Media people

Friends try to cheer up dying prof and writing coach

jim-hayes-fb.jpgJim Hayes taught journalism at Cal Poly San Luis Obispo and worked for many years as a part-time writing coach at the Los Angeles Times. Those two pursuits earned him a solid base of admirers who are rallying around him now that Hayes, 88 and with cancer, is in hospice care. Maria La Ganga has a story in the LA Times today from Hayes' hometown of Los Osos, on the central coast of California.

Sample:

He led an active electronic life, so the cyber silence was ominous. No emails. No posts to any of the thousand-plus friends on Facebook. When word finally surfaced, it wasn't from him.


"If you have noticed Jim's absence from Facebook, there is a reason. He has been doing poorly for a week or so ... and yesterday they detected a mass in his brain. Having elected to have no extraordinary medical measures, he is at home in Los Osos and we are waiting for hospice to come."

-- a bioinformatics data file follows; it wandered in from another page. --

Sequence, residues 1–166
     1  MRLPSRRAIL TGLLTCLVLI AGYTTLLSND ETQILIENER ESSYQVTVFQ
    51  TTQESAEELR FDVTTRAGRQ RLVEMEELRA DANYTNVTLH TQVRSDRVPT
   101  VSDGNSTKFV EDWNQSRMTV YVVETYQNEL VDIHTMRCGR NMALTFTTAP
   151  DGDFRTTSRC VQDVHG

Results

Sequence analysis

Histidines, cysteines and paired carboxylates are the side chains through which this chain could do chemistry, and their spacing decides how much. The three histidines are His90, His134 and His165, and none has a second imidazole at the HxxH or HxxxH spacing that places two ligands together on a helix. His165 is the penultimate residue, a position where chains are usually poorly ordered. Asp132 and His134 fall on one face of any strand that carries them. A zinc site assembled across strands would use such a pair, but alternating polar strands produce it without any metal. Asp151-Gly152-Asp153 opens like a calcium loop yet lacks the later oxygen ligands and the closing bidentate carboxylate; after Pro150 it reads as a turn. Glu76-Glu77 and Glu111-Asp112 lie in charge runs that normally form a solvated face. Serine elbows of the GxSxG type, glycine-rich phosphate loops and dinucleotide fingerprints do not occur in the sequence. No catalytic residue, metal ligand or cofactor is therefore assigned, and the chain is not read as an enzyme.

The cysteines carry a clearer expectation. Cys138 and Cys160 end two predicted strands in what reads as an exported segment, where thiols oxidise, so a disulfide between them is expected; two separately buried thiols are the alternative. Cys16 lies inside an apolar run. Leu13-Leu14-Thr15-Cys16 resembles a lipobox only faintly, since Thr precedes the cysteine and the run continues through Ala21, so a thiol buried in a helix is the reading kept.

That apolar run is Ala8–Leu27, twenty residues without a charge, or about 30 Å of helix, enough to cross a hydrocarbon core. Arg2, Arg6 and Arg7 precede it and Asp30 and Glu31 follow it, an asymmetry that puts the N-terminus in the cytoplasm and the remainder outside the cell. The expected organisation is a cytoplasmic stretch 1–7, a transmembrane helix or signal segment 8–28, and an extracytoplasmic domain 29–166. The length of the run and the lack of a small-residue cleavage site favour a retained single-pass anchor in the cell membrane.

The Jan. 12 posting by Dayle Hayes about her 88-year-old father, Jim, shows once more how the Internet has changed the American way of death. Last summer, NPR journalist Scott Simon live-tweeted his mother's decline and eventual demise, captivating his million-plus followers. Online death announcements and memorial sites have become routine.

The announcement about Hayes spurred what amounts to an ongoing, real-time, interactive wake for a gregarious man in his final months. It has music, videos and testimonials that are remarkable, not just for what they say, but for how they say it.

Here is Hayes' Facebook page.


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